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Adenoid Cystic Carcinoma - Breast

by Debbie - 09/10/2007

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My name is Debbie and I am 55 years old. On May 2, 2007, I received my third breast cancer diagnosis in less than one year. 

I have a history of bilateral cysts dating back to 1991 and had numerous aspirations through the years. In 2000, a mammogram showed micro-calcifications in my right breast. At first, the surgeon was diligent about watching this area; and then when things seemed to not change, I went back to yearly screening mammograms. 

We relocated to Florida in 2003, and in June 2006, I finally found a family doctor I was comfortable with. She sent me to an imaging center that was new to me and a very diligent radiologist insisted I needed a biopsy on my right breast. The diagnosis was ductal carcinoma in situ (DCIS). I had a simple mastectomy and immediate reconstruction. My surgeon wanted to see me every six months for follow-up care. 

In January of this year, I found a lump in my left breast near the nipple. I have had so many cysts in the left breast and assumed this was yet another one. My appointment with the surgeon was scheduled for February so I waited until then. She also thought it was a cyst and did a fine needle aspiration. It didn't aspirate like a simple cyst and she sent the specimen to a pathologist. He couldn't determine what it was from the small sample so on March 2, I had a lumpectomy.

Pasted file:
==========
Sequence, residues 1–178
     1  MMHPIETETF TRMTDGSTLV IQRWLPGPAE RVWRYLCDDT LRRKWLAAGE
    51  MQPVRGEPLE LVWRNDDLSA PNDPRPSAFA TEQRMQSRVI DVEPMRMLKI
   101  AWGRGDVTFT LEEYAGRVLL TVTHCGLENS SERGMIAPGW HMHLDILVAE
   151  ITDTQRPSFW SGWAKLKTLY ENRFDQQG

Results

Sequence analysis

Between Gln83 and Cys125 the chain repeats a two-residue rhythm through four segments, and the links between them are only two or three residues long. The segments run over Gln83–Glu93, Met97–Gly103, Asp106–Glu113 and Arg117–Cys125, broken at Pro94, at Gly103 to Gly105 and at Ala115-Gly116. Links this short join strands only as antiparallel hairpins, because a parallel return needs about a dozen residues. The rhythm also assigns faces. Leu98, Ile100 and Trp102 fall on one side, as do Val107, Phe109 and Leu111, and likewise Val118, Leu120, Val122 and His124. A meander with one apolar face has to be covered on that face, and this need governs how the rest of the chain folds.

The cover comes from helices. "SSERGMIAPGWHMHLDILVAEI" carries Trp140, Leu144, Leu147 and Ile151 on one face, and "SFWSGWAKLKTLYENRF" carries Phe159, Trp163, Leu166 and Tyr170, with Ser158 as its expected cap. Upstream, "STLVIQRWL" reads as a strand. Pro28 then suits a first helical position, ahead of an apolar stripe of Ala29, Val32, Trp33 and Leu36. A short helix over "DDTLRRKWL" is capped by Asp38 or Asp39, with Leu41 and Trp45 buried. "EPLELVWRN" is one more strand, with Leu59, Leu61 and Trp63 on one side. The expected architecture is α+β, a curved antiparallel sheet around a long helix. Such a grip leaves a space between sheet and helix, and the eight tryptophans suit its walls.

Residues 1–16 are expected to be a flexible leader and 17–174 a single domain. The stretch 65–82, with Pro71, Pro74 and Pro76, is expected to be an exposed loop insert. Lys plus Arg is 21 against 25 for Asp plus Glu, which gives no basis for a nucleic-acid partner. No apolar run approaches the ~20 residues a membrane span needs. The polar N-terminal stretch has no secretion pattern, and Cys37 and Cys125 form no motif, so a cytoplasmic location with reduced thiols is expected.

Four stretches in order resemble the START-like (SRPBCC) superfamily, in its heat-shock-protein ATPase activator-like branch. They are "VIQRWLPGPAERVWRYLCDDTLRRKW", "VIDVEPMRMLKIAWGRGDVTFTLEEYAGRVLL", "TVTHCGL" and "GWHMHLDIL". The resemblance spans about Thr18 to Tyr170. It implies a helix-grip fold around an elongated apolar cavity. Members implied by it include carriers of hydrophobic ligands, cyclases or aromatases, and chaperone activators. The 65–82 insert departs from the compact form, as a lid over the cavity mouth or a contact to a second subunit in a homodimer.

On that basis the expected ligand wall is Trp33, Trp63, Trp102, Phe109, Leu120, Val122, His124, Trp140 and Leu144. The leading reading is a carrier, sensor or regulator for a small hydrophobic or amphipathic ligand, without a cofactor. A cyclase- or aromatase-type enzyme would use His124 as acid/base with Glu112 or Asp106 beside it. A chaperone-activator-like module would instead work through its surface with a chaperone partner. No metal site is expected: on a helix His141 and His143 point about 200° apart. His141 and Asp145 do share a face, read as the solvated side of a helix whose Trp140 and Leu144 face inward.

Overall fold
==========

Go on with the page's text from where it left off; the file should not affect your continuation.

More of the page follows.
I didn't get the final diagnosis until March 13, because the pathologist sent slides to the University of Michigan for a second opinion. The lump was a benign, inflamed, hemorrhagic cyst, but at the edge of the tissue removed, they found the very rare adenoid cystic carcinoma of the breast(ACCB). My husband, my surgeon, and I were all in agreement that I should have another mastectomy. With my history, I didn't want to worry about what would be there at the next six month check-up. 

I again had a simple mastectomy with immediate reconstruction. She also did a sentinel node biopsy, just to be safe, even though ACCB rarely involves the lymph nodes. The report from the frozen section at the time of surgery was that the four sentinel nodes were negative. However, five days after surgery, the final path report indicated yet another cancer that no one even suspected was there. There were two small tumors that were invasive ductal carcinoma and two of the sentinel nodes were positive. 

My surgeon did not do an axillary node dissection at the time of the mastectomy because the preliminary report was that the nodes were negative. So I had a separate surgery to do this procedure. She removed sixteen nodes and they were all negative. I am scheduled to start chemotherapy soon but will not have to undergo radiation since no more nodes were positive. 

Those of you out there dealing with your diagnosis, please be diligent about your follow-up care. Also, follow your instincts (or gut feelings) about what is right for you. A lumpectomy would have been an appropriate procedure for my ACCB but then the other cancer might have been widespread before it was found. Incidentally, after the mastectomy, the pathologist didn't find any more ACCB. The surgeon had gotten all of it with the lumpectomy done for biopsy!